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Media: Another misstep in aftermath of Lara Logan's sexual assault

Lara Logan-CNN In the aftermath of Lara Logan’s sexual assault in Egypt, there have been news stories based on theory, gag-worthy tweets and sexist banter -- all undisciplined behavior you wouldn’t expect from journalists. Amid this flurry of media missteps, which Salon's Mary Elizabeth Williams has chronicled in "What not to say about Lara Logan," it appears as though the folks at CNN's "Anderson Cooper 360" took extra precautions in Wednesday’s report about Logan. Rather than show the news photo CBS released of Logan just before the attack, "360" presented a digitally altered version that blurred the faces of the men standing behind her.

The Los Angeles Times' Scott Collins caught the image in question and raises a few concerns on Show Tracker:

The photo was provided by CBS and made widely available to news organizations via the Associated Press. Many outlets used it to illustrate stories about Logan.

CNN, however, chose to blur the faces of the men in the background. The reason for the choice is unclear. It is possible that CNN worried about legal liability -- despite the fact that the image was taken in a public place during a thronged demonstration of pressing international interest and had been distributed through a wire service. By partly obscuring the image, CNN tampered with the journalistic record without explanation, leaving it to viewers to guess whether the network intended to protect or incriminate the figures in the background.

It wouldn't be fair to skewer CNN until we've heard their side. But you'd hope they'd know better than to doctor a news photo -- even if they were motivated by sensitivity -- much less not offer an explanation as to why.  

RELATED:

Is there room for Hipstamatic in photojournalism?

Is the Washington Post trying to put one over on readers?

--Alexandra Le Tellier

Photo: A screen grab of the CBS photo of Lara Logan, which was altered by CNN from the original distributed by the Associated Press.

 

Comments () | Archives (7)

The comments to this entry are closed.

sara

I thought it was quite clear as to why they "doctored" it. Many people would assume that the men in the photo were her attackers, when we don't know if all of them, or even any of them, were actually involved in her attack.

Given the pressure to find and punish her attackers, I feel like any innocent man in the photograph could be in danger of being a scapegoat, held up as an attacker to ease pressure on Egyptian gov't and appease a sense of injustice.

Rapists are regularly executed in Egypt.

Not like this was of any use though, the picture is plastered all over the internet.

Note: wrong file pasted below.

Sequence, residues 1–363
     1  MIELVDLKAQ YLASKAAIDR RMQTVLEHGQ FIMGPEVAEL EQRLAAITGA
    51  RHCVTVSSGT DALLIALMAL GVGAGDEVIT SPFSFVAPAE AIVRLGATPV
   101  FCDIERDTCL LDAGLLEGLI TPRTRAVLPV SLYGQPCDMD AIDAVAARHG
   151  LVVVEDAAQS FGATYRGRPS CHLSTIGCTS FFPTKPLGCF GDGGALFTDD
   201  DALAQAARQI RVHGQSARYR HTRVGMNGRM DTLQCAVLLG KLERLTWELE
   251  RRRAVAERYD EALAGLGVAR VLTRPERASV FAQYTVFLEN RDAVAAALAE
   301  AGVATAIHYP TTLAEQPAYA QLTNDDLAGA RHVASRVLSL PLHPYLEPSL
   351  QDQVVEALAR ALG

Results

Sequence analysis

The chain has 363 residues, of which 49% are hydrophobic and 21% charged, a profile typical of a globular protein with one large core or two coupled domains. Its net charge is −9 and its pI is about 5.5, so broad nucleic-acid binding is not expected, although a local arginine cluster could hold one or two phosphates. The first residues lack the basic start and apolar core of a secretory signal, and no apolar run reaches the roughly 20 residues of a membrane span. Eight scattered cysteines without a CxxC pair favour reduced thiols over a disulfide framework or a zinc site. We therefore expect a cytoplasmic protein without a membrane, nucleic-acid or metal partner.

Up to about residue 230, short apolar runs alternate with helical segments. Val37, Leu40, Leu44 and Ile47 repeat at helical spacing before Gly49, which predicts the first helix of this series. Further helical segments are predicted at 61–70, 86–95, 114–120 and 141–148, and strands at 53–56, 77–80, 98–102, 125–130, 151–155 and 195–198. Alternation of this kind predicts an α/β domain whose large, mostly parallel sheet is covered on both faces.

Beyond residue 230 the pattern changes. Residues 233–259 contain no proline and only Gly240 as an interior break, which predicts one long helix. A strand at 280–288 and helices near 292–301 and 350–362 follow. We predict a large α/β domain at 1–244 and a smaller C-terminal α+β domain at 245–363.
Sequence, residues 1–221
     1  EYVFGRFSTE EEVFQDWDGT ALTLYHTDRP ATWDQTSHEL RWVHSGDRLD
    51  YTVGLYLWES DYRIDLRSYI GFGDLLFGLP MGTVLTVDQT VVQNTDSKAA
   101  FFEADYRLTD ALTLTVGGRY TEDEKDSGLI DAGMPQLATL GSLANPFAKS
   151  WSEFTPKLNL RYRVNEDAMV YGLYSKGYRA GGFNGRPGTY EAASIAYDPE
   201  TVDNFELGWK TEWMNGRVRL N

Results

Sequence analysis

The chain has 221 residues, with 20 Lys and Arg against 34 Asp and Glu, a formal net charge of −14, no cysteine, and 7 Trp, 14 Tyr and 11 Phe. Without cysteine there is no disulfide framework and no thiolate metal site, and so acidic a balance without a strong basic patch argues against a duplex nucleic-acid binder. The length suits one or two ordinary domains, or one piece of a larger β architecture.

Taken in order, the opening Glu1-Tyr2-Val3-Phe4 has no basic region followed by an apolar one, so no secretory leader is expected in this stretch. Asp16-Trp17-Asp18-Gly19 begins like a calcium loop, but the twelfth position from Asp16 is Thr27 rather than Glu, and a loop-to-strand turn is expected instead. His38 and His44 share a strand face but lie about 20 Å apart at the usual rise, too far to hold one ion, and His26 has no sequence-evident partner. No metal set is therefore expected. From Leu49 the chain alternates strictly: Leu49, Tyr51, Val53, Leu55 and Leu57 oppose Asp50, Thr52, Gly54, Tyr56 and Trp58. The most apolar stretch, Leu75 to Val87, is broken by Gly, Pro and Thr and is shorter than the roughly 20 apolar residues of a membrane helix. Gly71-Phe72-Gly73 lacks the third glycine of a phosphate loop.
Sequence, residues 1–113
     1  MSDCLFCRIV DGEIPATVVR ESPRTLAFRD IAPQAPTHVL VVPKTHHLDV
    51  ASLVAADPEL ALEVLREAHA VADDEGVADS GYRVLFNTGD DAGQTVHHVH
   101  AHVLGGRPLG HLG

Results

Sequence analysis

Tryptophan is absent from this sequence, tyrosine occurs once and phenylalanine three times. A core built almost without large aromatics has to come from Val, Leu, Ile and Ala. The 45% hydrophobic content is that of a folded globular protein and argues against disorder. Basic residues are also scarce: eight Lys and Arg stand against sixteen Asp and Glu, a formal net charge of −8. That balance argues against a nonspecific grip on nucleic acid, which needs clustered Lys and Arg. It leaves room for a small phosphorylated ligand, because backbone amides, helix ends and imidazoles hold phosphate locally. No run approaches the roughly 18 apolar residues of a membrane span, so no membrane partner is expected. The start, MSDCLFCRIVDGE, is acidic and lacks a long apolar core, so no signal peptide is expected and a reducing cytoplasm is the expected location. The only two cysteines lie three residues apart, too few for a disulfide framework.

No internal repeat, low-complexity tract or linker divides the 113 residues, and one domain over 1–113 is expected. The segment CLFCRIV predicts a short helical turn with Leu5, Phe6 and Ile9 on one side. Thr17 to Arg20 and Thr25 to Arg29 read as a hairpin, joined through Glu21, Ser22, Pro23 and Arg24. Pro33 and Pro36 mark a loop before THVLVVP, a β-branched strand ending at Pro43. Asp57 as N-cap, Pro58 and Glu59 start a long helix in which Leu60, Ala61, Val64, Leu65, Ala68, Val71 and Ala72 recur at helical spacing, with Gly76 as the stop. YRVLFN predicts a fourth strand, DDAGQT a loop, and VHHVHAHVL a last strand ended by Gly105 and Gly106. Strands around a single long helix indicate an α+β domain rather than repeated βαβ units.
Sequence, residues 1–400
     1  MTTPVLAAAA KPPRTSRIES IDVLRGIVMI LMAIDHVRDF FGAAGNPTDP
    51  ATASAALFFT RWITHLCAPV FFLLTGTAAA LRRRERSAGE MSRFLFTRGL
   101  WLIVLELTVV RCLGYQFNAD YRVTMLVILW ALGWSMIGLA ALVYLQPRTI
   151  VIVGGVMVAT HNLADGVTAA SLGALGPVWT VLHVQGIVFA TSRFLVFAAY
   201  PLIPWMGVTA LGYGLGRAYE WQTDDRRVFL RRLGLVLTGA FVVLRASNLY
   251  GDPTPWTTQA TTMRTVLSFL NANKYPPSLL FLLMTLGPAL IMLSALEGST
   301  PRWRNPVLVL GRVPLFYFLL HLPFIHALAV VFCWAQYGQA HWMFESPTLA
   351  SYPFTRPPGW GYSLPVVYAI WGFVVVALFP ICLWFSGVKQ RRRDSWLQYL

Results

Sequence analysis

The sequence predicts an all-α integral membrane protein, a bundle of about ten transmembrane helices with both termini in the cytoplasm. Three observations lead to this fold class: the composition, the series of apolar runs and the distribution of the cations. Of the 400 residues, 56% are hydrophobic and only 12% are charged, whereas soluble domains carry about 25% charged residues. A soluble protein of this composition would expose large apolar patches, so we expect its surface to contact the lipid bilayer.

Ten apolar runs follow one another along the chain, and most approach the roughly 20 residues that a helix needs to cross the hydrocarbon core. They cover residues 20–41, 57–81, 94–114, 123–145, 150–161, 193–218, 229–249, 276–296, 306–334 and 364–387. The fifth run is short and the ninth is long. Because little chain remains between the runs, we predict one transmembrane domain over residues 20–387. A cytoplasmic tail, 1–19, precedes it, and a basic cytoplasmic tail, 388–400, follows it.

Sidro Marcel

So simple.

CNN does not want their people's lives in danger when they go back to Egypt later from those in the background of the said photos.

We are not talking about progressive countries here wherein human beings are respected. By the time CBS and other media outfits go back there , they will be hacked to death just by publishing faces in the background saying "rapist". Of course even though the its not true.

You guys are so naive. You got to think like the Egyptians. CNN is quick to learn that.

Will T

Maltreatment of journalists are always big news in advanced nations. Almost like extra-terrestrial encounters. Sadly this is hardly shocking in most part of the world.

The norm out there is that it comes with the job. What happened to Ms. Logan is despicable. But then again its like saying, hey what are you doing there inside the lions den? Or its like hey Im a lion but since you are american I will not eat you. Come on people.

Douglas Brooks

It's a photo op for "journalists". Do you think we really need reporters on the ground to get the news in today's internet connected world. Newspapers are free on the net and when they put up walls to protect their proprietary sources no one will pay. Start looking for a new job.

Maggie

Is there a reason none of Ms. Logan's Egyptian rescuers have been interviewed? According to her employer, CBS News, twenty soldiers and several brave women intervened to stop the attack on her.

Why are these heroic citizens not stepping forward? Is the media even looking for them? Surely at least one of the soldiers cited by CBS News should be easy to find simply by asking military leaders to make inquiry to their troops.

This seems odd, at least to me.

mike peters

This whole incident is a mystery. What actually happened? The news release was vague and follow-up journalism has not been forthcoming.

FrankTrades

Let's see what Logan has to say.


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The Opinion L.A. blog is the work of Los Angeles Times Editorial Board membersNicholas Goldberg, Robert Greene, Carla Hall, Jon Healey, Sandra Hernandez, Karin Klein, Michael McGough, Jim Newton and Dan Turner. Columnists Patt Morrison and Doyle McManus also write for the blog, as do Letters editor Paul Thornton, copy chief Paul Whitefield and senior web producer Alexandra Le Tellier.



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